Wednesday, May 19, 2010

"Towards a more robust discourse of meaning in the media"

I'm still exploring the open source/new media education thread at EatTheOther...

Open source media paves a new way of communicating ideas collaboratively so that the old models of journalism and documentary narrative no longer apply. The monopoly of a handful of media moguls is crumbling. Bloggers, citizen journalists and aggregators have disrupted the system of distribution and now provide ever expanding alternatives to the traditional distribution streams. A new, New Journalism is on the rise with social networking creating a linchpin culture of leaders within this movement.

One of these cultural linchpins is the Brave New Foundation’s Brave New Educators (BNE) project. BNE’s mission is to engage people in a narrative to provide context and meaning. By using access to primary sources of moving imagery we practice constructing meaning and use these sources to create a new, unique and evolving sense of perspective in a digital form narrative.

BNE creates an incubator for social change by engaging educators and their student scholars with the catalysts of shock, shame, fear, and anger – the elephants in the room that people avoid.

Though critics may suggest that this bricolage methodology is documentary filmmaking 2.0, however documentaries don’t fully engage their audience. They tend to present an “ain’t it awful” scenario, leaving the viewer feeling disengaged and disempowered. The difference with the experience of Brave New Educators is that the activity of remixing exposes the creator to the negative material while allowing them to move through it and create their own narrative from it, thus empowering students and giving them essential tools for critical thinking in a media convergent society. These multimedia, hypertextual digital texts are light years from the traditional, dry college essays. Students in the BNE pilot program reported that while they found the material surprising, shocking and disturbing, it was the act of engaging with material they found uncomfortable that helped them gain new perspectives and create their own narrative.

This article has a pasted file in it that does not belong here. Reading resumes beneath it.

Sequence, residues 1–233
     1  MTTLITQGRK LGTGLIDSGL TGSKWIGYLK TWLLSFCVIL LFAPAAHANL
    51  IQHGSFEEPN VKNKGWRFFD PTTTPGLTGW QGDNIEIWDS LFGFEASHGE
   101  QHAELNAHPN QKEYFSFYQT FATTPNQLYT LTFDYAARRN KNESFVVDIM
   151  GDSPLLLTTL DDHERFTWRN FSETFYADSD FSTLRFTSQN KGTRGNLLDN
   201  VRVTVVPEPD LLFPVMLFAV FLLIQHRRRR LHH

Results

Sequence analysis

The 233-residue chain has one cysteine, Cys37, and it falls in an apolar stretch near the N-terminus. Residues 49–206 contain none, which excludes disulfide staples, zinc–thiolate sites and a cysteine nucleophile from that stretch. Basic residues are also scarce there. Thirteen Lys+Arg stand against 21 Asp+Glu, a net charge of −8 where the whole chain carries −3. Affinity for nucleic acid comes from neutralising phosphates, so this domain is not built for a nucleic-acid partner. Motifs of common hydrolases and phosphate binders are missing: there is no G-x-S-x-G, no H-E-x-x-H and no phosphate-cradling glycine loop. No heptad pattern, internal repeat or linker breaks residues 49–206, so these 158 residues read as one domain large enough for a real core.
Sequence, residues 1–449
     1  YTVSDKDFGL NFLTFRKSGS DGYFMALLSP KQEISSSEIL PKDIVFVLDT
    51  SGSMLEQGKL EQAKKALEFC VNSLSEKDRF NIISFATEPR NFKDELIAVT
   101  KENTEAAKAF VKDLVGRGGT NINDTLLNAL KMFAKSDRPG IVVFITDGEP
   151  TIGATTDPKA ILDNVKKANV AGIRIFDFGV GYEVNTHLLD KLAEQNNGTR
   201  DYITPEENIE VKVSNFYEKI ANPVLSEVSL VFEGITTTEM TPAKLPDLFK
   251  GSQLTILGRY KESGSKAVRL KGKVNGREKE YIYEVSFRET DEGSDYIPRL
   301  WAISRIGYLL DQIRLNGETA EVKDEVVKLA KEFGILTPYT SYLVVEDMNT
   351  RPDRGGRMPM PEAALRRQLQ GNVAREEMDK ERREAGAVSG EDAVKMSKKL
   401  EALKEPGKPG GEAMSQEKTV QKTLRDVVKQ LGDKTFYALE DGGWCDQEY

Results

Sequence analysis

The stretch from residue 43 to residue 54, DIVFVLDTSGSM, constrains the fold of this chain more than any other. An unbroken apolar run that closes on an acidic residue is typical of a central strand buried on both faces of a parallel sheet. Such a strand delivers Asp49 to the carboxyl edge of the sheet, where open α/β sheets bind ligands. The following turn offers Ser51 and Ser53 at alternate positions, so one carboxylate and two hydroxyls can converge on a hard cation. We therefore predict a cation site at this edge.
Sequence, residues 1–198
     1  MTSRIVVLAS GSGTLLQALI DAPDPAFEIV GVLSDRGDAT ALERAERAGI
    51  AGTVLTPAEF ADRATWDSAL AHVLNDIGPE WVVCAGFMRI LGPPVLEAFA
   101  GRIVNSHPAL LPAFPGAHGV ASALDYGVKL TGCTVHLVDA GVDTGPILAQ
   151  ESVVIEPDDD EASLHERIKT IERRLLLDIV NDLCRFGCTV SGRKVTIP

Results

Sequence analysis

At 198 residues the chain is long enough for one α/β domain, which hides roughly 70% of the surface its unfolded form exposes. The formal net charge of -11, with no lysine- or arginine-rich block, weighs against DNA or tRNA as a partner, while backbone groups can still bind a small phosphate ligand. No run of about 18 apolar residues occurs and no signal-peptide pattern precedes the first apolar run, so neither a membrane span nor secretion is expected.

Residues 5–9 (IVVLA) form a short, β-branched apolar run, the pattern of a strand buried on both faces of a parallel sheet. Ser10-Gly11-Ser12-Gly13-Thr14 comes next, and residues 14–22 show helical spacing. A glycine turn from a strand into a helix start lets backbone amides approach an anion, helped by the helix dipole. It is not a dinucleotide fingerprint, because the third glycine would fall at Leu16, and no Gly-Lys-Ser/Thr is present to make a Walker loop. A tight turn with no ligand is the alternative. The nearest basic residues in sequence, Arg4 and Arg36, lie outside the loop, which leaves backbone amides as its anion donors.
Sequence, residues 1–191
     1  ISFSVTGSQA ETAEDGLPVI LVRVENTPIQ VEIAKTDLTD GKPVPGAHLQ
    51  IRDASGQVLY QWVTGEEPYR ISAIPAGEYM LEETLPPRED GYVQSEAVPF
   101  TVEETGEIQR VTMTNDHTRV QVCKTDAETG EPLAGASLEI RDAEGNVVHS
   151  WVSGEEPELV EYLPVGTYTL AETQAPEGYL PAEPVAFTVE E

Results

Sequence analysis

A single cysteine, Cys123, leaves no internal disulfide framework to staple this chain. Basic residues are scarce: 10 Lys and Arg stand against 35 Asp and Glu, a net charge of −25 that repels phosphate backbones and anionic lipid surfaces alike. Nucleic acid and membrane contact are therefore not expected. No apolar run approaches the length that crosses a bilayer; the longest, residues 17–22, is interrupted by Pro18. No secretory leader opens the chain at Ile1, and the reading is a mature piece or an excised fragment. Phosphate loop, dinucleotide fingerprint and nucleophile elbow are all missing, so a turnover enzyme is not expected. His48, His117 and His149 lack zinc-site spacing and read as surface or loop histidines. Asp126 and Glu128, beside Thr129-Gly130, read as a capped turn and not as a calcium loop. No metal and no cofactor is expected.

Collaboratively involving others in a collective organized movement is a work of activism. Remixed narratives ignite the thought process and become a catalyst for collaborative change. In this way, ideas function as viruses, jumping from place to place until they go viral and create a wave of participatory culture that has the power to effect real change. This sharing and collaboration produce an innovative hybrid in the truest democratic form – organized chaos. The wisdom of crowds is founded on diverse opinions and ideologies. The new media is the catalyst for that.

1 comment:

bake said...

I'm very many elephants in the room I can hardly move sometimes...but carefully navigate my way through hoping to not cause a stampede...for heaven's sake. I want to incorporate eye opening and sometimes inherently disturbing content into the curriculum that challenges students' perspectives about preconceived notions but at the same time leaves them empowered in their new knowledge and not jaded or overwhelmed.

At the intersection of art and new media, a place where the convergence emerges.